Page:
The NCAA varsity equestrian format is designed as “head-to-head.” So if Texas Christian University (TCU) is riding against the University of Georgia, one rider from TCU and one rider from Georgia will compete separately on the same horse. Four such pairs of opposing riders compete in each event (using a different horse for each head-to-head pair), and a judge numerically scores every rider. The rider from each competing pair who earns the highest raw score gains one point for her team–which means four points is the maximum a school might score in each event. If the score is tied (2-2) at the end of an event, the raw scores determine the winner.
There are two events for both disciplines: Western includes horsemanship and reining while hunt seat includes equitation over fences and equitation on the flat. Judging is based 100 percent on the performances of the individual riders, not on the horses. This policy places all of the riders on a level playing field.
At each competition, the hosting college provides the horses. Before the competition, coaches from each team draw for the horses on which their riders will compete. Each rider has exactly four minutes to warm up on the horse she’s drawn, just before she goes into the arena. Most riders agree that this extremely short “get-acquainted” time is the most challenging aspect of varsity equestrian! Obviously, the home team has the advantage in that they know the horses, but every school takes equal turns at hosting competitions. Also, the hosting coaches are required to provide the visiting coaches with a list of helpful specifics on each horse.
Up to eight Western team members from each school can be chosen to ride at a competition, although many coaches use several of the same athletes for both horsemanship and reining. In very rare circumstances, an exceptionally versatile rider might compete for her team in Western and hunt seat. Also, most teams designate one or two alternate riders for each competition. Because the 18 varsity equestrian teams in the NCAA Division I category are spread out all across the U.S., most colleges fly their riders to competitions to minimize time away from academic classes.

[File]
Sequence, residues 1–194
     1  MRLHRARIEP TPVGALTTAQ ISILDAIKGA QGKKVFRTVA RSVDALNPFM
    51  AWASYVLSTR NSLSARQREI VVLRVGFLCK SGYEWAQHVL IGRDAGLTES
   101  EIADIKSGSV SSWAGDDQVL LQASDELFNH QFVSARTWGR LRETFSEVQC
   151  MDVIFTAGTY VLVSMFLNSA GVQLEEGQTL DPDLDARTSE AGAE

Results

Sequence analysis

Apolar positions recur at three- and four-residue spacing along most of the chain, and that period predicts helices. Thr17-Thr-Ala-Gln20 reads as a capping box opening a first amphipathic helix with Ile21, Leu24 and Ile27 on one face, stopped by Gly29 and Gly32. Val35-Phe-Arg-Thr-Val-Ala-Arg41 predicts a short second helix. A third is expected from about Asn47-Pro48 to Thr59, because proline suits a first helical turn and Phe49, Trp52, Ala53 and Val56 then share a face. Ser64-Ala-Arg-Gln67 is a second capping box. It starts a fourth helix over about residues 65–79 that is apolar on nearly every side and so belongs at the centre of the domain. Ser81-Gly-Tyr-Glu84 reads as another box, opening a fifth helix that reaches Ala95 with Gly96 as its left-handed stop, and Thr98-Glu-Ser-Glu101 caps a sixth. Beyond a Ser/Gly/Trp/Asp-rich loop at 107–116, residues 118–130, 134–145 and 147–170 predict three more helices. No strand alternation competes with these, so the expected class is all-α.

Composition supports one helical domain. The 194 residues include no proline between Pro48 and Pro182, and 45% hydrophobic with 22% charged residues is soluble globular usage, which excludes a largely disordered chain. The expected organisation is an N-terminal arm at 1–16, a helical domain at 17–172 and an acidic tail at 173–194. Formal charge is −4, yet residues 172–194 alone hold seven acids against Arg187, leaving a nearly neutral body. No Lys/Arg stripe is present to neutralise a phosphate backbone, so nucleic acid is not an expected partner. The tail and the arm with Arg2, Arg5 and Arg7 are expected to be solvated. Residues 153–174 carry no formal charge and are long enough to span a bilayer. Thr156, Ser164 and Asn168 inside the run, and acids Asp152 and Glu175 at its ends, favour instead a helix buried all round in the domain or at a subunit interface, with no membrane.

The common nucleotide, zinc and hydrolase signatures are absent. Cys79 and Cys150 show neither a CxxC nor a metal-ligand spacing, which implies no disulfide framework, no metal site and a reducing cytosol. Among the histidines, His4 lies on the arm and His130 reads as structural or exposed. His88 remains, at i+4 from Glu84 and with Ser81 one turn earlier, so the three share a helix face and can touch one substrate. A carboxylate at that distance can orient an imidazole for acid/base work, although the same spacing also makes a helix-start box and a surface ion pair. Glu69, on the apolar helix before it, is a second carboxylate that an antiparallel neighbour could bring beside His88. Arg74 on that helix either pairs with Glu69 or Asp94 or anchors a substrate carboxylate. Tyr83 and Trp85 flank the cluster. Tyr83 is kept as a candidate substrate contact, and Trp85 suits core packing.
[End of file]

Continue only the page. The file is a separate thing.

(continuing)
Spectators accustomed to watching regular equestrian competitions will see some similarities at varsity events. In reining, explains TCU Coach Gary Reynolds, “the judges mark the runs using the industry-standard reining scoring system. In horsemanship, the patterns have from 7-9 maneuvers, and each maneuver is scored from plus 1-1/2 to minus 1-1/2. It’s kind of the ultimate catch-ride situation: ‘Here’s your horse, go ride your way through it.’ Yes, there’s some level of home-team advantage, although we sometimes find that at home, you tend to either over-ride or under-ride your horses because you do know them so well. When you play at an away game, you generally have no pre-conceived notions. You just get on and go show them, feeling your way through it.”
All of varsity equestrian’s Western judges are required to be rated by the American Quarter Horse Association (AQHA). “We also like to have judges who represent both the AQHA and National Reining Horse Association,” says Reynolds. “The format is as fair as it can possibly be to test horsemanship and equitation skills. Virtually every school has riders on their teams who are nationally renowned, world champions or even multiple world champions. That raises the level of the sport, and it means you’ve got be really tough in the competitions–you’ve got to ride every time like it’s a world-championship event.”
For more on the TCU team, read “The Little Team that Could” in the December 2008 issue of Horse & Rider magazine.